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The Delhi High Court has held that reimbursements of medical expenses of the Supreme Court judges cannot be disclosed under the Right To Information (RTI) Act, saying it does not serve any public interest.

Justice Vibhu Bakhru held that the Central Information Commission (CIC) was in error to direct the Supreme Court Registry to provide the information sought, saying

“medical records are not liable to be disclosed unless it is shown that the same is in larger public interest”.

“In the present case, the CIC has completely overlooked this aspect of the matter. Further, the extent of medical reimbursement to an individual is also, in one sense, personal information as it would disclose the extent of medical services availed by an individual.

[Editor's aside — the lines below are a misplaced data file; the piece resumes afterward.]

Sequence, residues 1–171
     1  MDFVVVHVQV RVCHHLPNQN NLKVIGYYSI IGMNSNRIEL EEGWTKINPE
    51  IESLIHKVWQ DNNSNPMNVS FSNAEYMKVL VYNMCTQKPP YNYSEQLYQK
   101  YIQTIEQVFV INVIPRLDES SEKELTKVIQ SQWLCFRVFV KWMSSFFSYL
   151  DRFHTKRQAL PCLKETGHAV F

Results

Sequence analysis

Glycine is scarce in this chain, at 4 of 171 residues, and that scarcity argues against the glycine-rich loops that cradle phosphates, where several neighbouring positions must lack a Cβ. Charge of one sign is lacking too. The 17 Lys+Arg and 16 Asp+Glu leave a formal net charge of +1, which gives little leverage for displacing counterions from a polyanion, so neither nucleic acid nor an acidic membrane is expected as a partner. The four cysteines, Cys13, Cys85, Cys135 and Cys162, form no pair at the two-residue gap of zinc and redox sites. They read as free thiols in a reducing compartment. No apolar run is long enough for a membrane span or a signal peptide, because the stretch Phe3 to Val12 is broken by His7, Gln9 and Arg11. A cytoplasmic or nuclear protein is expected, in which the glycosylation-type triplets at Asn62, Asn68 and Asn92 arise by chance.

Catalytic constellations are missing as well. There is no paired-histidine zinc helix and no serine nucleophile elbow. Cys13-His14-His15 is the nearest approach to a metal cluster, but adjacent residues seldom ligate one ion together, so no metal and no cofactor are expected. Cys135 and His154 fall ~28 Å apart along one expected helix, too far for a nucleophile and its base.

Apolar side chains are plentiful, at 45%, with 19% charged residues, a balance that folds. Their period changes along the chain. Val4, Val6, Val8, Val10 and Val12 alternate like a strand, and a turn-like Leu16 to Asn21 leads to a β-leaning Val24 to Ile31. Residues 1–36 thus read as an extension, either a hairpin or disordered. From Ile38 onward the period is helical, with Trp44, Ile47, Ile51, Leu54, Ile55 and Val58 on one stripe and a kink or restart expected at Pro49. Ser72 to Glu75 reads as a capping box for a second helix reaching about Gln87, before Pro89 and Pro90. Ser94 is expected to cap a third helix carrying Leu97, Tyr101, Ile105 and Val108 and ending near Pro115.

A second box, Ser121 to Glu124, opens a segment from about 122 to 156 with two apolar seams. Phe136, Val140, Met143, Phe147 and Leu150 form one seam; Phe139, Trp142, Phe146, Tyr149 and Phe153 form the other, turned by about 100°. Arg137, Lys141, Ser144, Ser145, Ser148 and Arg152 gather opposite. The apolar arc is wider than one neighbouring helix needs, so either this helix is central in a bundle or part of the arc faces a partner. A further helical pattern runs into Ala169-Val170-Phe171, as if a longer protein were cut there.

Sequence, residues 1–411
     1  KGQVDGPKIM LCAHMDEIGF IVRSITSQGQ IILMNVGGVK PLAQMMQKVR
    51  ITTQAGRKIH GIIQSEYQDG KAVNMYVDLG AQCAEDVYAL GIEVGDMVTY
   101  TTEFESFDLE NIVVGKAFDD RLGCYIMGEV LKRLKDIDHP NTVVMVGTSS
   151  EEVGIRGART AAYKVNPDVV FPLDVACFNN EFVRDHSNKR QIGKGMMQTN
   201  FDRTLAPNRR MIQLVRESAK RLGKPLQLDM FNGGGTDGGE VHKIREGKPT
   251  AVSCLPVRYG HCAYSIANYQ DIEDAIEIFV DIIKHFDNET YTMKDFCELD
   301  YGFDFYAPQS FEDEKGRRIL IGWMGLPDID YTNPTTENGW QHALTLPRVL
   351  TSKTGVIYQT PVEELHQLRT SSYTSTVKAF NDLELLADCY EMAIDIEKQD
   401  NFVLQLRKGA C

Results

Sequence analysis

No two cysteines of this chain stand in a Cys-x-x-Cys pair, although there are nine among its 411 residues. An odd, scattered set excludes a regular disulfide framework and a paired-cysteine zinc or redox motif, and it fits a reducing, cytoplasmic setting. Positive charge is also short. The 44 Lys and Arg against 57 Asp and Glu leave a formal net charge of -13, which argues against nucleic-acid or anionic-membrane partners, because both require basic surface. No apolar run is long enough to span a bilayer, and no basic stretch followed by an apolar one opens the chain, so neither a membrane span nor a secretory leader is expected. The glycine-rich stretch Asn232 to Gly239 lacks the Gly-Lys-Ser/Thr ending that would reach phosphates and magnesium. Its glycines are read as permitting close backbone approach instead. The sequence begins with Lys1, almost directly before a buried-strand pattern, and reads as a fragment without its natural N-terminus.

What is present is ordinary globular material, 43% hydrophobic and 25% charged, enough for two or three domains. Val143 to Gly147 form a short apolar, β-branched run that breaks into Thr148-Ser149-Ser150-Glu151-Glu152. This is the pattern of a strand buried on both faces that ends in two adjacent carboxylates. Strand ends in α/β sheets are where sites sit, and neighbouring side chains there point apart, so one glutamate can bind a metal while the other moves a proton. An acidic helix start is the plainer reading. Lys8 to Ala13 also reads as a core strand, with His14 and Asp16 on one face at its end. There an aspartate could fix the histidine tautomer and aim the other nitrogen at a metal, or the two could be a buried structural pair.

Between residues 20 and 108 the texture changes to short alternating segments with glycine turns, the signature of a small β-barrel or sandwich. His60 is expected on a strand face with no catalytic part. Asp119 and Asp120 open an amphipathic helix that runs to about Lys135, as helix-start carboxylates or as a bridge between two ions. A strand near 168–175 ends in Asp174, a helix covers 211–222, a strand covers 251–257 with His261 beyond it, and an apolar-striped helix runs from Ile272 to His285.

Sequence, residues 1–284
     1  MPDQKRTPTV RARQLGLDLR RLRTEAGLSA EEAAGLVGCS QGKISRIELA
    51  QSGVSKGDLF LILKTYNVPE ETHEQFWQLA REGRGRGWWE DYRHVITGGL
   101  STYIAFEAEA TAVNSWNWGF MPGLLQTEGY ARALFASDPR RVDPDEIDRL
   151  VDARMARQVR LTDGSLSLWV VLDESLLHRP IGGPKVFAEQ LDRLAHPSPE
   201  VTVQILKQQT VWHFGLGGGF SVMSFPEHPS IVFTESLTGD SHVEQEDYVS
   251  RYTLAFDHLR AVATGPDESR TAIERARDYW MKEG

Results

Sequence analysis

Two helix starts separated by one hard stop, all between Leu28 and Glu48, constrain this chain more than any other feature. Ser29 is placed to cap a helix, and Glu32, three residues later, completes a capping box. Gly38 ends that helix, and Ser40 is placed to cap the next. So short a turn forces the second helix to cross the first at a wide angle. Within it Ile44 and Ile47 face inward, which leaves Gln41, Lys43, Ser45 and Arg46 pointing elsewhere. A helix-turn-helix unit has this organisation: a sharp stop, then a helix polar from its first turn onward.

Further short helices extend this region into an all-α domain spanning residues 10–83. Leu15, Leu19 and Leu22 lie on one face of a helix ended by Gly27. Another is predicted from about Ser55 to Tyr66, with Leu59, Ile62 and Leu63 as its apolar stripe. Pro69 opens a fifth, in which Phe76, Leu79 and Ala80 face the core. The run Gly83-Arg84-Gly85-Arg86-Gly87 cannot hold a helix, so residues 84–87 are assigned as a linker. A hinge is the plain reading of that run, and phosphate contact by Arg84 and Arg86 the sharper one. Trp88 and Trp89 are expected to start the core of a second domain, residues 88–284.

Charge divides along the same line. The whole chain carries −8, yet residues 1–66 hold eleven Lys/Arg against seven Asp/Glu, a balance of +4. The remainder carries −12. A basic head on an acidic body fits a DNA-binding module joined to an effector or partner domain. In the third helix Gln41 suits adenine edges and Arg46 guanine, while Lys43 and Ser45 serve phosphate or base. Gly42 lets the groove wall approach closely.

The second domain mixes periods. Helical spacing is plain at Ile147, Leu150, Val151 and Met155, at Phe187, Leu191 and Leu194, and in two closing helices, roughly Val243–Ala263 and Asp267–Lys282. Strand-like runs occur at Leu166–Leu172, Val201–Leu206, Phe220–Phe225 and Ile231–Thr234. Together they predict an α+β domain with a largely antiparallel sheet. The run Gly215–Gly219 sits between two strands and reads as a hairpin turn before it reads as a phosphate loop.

“Thus, unless a larger public interest is shown to be served, there is no necessity for providing such information. Thus, a direction for maintaining records in a manner so as to provide such information is not warranted,” the court said.

The court made the observations in its judgement on the plea of the Supreme Court registry against CIC’s order directing the apex court to maintain details of medical reimbursement availed of by each of its judges in the last three years to be furnished to information-seekers.

The high court held CIC’s order as “erroneous”


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Santosh
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Not a good decision at all. If this will be the criteria, no information will be available to the public and the applicant has to prove how LARGER public interest is involved. RTI Act says all information are available except few listed items. This judgement will be squashed in SC.

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